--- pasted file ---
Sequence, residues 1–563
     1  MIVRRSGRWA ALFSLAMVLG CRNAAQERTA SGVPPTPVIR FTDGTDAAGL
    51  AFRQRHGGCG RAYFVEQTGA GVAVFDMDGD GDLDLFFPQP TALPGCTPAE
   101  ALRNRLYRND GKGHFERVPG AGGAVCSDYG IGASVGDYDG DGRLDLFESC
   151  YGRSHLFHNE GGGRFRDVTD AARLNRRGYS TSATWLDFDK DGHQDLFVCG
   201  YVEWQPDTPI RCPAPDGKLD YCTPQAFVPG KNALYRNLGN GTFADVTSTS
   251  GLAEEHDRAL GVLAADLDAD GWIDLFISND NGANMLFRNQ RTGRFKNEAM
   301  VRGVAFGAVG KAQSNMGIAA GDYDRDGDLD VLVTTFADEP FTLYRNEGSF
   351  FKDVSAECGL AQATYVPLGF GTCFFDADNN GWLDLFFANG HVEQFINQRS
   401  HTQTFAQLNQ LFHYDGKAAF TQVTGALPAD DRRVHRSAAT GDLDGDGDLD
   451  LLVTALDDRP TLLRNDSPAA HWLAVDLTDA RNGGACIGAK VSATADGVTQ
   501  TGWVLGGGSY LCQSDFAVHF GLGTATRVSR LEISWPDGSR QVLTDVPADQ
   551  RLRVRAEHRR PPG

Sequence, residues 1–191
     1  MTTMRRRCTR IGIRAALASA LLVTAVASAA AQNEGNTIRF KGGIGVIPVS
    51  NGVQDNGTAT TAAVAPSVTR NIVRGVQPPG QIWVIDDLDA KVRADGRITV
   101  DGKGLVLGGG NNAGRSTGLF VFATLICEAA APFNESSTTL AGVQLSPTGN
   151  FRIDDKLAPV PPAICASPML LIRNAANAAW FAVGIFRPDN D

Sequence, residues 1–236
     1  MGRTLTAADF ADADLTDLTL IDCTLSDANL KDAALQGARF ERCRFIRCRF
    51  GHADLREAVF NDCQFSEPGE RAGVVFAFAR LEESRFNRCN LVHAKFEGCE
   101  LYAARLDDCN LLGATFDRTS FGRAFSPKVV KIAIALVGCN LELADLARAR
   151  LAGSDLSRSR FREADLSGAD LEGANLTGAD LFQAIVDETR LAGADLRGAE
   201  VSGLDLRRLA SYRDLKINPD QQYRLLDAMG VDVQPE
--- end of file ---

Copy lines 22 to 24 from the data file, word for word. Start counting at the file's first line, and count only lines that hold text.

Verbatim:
   101  LYAARLDDCN LLGATFDRTS FGRAFSPKVV KIAIALVGCN LELADLARAR
   151  LAGSDLSRSR FREADLSGAD LEGANLTGAD LFQAIVDETR LAGADLRGAE
   201  VSGLDLRRLA SYRDLKINPD QQYRLLDAMG VDVQPE